How To Cook French, With Shortcuts In Around My French Table, cookbook author Dorie Greenspan revels in the idea that French home cooks take shortcuts just like Americans do -- they just don't talk about it as loudly. She demonstrates how people can make a French version of shepherd's pie -- with and without shortcuts.

How To Cook French, With Shortcuts

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This is ALL THINGS CONSIDERED from NPR News. I'm Robert Siegel.


And I'm Michele Norris.

(Soundbite of boiling water)

NORRIS: Today we're at a rolling boil on the stove in my kitchen with an old friend.

Ms. DORIE GREENSPAN (Author, "Around My French Table"): Okay, so I have water and carrots and celery and garlic and onions, bay leaf, parsley. Did I say parsley? There is it. It's in there. And the beef.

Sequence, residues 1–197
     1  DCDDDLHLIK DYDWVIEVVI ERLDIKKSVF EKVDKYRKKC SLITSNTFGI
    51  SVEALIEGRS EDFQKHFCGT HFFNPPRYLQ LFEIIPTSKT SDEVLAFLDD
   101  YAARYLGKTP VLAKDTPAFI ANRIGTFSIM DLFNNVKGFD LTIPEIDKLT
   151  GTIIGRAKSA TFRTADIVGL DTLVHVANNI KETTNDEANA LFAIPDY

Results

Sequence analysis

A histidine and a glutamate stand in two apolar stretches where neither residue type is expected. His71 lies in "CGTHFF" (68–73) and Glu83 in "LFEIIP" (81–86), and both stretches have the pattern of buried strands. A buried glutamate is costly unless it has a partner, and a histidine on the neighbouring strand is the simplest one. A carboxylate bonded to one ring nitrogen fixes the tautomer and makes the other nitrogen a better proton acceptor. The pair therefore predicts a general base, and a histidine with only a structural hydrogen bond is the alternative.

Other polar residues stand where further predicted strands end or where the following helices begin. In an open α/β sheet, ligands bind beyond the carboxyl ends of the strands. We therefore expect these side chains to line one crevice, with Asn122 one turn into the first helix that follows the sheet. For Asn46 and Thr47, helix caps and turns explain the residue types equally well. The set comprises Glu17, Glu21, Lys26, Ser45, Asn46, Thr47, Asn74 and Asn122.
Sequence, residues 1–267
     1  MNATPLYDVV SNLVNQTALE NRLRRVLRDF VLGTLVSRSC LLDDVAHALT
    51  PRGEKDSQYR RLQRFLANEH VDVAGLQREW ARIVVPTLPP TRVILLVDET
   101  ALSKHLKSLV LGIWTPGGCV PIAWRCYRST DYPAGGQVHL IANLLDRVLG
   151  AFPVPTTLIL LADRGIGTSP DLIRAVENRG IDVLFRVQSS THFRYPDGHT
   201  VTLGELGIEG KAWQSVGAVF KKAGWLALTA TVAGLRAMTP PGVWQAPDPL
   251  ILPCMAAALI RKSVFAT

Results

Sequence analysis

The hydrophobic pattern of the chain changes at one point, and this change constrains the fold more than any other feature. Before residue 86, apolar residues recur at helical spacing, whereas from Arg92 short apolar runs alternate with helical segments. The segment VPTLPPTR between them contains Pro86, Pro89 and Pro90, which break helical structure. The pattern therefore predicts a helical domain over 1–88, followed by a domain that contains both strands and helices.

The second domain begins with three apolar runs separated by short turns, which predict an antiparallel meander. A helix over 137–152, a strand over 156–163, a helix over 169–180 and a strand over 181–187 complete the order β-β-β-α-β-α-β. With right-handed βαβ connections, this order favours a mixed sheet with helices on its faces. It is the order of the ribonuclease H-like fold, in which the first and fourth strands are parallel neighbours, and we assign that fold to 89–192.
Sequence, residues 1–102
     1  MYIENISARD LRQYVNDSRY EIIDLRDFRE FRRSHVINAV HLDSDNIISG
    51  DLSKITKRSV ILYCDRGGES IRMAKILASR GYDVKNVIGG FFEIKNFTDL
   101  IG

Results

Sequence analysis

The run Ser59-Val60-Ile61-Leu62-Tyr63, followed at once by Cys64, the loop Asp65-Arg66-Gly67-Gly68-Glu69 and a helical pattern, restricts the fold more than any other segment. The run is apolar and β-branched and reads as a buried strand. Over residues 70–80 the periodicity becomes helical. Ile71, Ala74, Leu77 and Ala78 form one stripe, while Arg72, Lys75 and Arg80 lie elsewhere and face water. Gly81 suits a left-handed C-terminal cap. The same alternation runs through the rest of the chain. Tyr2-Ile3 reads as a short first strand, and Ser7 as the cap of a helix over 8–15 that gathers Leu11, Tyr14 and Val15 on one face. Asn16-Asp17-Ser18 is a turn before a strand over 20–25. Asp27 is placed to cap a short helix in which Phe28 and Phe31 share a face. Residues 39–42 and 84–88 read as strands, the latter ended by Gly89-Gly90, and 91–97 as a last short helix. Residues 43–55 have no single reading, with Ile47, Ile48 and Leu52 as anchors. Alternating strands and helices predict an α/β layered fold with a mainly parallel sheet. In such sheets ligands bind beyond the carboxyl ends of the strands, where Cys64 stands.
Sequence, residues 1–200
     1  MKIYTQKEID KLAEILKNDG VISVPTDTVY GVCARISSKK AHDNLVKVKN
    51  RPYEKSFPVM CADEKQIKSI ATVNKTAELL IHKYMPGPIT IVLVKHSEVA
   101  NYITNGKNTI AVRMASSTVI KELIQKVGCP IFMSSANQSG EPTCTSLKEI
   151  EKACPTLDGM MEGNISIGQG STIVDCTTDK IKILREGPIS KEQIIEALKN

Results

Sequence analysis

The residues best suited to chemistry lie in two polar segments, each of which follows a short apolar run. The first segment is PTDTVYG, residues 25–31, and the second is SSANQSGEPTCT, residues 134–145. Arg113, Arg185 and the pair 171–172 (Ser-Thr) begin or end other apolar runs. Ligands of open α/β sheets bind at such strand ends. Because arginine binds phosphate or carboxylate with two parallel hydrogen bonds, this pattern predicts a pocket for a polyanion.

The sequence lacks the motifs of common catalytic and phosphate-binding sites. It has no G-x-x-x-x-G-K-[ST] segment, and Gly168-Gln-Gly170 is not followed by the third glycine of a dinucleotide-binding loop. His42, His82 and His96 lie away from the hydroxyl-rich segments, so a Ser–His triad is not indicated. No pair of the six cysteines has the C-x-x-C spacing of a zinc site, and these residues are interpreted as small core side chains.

NORRIS: Dorie Greenspan is back. She's a cookbook author, a self-described baking evangelist. And every fall, Dorie cheers us on as we try something new in the kitchen. But this fall, it's not your sweet tooth she's after, it's the savory one. Dorie's making beef bouillon, a broth. It's the foundation of a recipe called hachis parmentier.

Now, that sounds fancy, but it's pretty much a French version of shepherd's pie. Beef stew on the bottom, mashed potatoes on the top. And it's deceptively easy. And inspired by a friend, like many of the dishes in Dorie's new cookbook, "Around My French Table."

The friend in this case is Daniel Boulud. And after eating at one of his New York restaurants, Dorie asked the French born chef what he was having for dinner.

Ms. GREENSPAN: And he said, I'm having hachis parmentier. And I said, oh, it's so simple compared to what we had. And he said, and it's so delicious and I love it. And he says, for me, this is a great meal. It's a meal that I had at childhood and it's a meal that I love having now.